Roger Federer was made to work hard for a four-set victory over Nicolas Mahut in the third round of the French Open.
The 16-time Grand Slam champion coasted through the first set, but was broken in the final game of the second as the Frenchman levelled.
Normal service was resumed in the third set, but Federer was pushed all through the fourth before securing a 6-3 4-6 6-2 7-5 win and a tie with David Goffin.
World number one Novak Djokovic brushed Nicolas Devilder aside 6-1 6-2 6-2.
Federer's 235th career win at the Grand Slams looked likely to be routine when he broke Mahut in the fifth game of the match and closed out the first set.
But Mahut clung on in the second, and, when Federer went wide with a forehand in the final game to gift a break point, the world number 89 found the line with a backhand return to level the match.
World number three Federer, who has reached 31 consecutive Grand Slam quarter-finals, responded by breaking in the third game of the third set and taking it easily, and he seemed set to close out the win with a break in the seventh game of the fourth.
However, Mahut, most famous for his 2010 defeat by John Isner in the longest Grand Slam match of all time, broke back immediately to extend the set.
It would though, be only a temporary reprieve, as Federer took the third chance to break presented to him in the 11th game, and then served out for the match and a meeting with the unseeded Goffin.
"I struggled a little bit, but overall obviously I'm happy I came through," said Federer. "I knew he could play very well from the baseline, if he had time.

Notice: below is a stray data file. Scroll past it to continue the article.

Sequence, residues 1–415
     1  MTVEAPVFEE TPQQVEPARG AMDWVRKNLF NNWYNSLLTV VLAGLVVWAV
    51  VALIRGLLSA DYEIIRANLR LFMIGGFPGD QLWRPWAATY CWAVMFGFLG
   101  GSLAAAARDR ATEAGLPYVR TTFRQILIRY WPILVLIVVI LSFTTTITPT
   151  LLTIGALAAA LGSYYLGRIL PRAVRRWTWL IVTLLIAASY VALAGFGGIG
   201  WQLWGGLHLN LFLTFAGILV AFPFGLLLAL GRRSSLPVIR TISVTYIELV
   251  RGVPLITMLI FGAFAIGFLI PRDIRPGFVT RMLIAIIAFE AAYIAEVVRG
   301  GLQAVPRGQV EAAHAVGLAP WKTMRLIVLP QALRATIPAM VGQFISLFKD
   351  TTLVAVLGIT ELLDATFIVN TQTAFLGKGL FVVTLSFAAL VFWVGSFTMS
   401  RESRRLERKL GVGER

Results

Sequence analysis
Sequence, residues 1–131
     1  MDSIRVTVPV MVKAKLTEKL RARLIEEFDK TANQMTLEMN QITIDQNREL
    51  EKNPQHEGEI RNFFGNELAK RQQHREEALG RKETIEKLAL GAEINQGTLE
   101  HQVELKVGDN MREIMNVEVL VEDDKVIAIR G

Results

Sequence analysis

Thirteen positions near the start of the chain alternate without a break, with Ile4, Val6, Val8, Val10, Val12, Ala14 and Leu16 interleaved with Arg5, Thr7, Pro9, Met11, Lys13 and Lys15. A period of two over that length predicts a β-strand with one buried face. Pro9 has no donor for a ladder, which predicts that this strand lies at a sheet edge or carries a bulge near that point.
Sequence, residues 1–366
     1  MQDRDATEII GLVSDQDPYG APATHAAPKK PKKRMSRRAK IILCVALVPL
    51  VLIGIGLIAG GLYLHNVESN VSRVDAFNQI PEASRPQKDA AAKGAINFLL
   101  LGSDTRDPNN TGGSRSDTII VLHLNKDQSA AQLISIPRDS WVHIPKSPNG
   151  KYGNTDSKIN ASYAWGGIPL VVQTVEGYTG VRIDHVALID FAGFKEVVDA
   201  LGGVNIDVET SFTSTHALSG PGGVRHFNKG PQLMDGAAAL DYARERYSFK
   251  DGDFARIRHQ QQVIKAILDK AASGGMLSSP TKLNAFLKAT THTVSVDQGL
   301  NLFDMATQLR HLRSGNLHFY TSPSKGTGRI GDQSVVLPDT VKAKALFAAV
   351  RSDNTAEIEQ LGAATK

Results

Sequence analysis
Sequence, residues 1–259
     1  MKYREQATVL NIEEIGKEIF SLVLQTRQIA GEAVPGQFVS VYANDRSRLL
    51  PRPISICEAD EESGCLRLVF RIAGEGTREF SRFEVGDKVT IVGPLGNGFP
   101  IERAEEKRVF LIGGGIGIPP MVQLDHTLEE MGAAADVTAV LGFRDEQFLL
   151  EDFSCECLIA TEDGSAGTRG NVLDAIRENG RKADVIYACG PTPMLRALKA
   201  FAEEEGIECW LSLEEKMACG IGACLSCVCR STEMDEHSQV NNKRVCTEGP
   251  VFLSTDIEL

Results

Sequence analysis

"It's a bit tricky when you want to play a clay-court match but actually it would be better to play a hard-court match. I thought he did well."
Belgian Goffin, 21, initially lost in the qualifiers but was handed a place in the main draw after the withdrawal of Gael Monfils.
With his straight-sets win over Lukasz Kubot, he became the first "lucky loser" to reach the last 16 of a Grand Slam since fellow Belgian Dick Norman at Wimbledon in 1995.
Djokovic, bidding to become the first man since Rod Laver in 1969 to hold all four Grand Slams simultaneously, was at his clinical best to race past Frenchman Devilder and ensure he will have Saturday off.
Last on court Suzanne Lenglen, the Serbian sprinted through in only one hour and 44 minutes to beat the fading Paris light.
Devilder contributed to an entertaining encounter, but Djokovic's precise and powerful groundstrokes ensured he had few problems as he aims to better his semi-final appearance of 2011, the last time he was beaten in a Grand Slam match.
Djokovic said: "The last 15 minutes was very hard. But it was very important for me to finish the match on the day. I wouldn't like to come back the next day and play a few games."
He will next meet Italian Andreas Seppi after the Italian, seeded 22, beat Spanish 14th seed Fernando Verdasco in five sets, 7-5 3-6 6-3 4-6 6-2.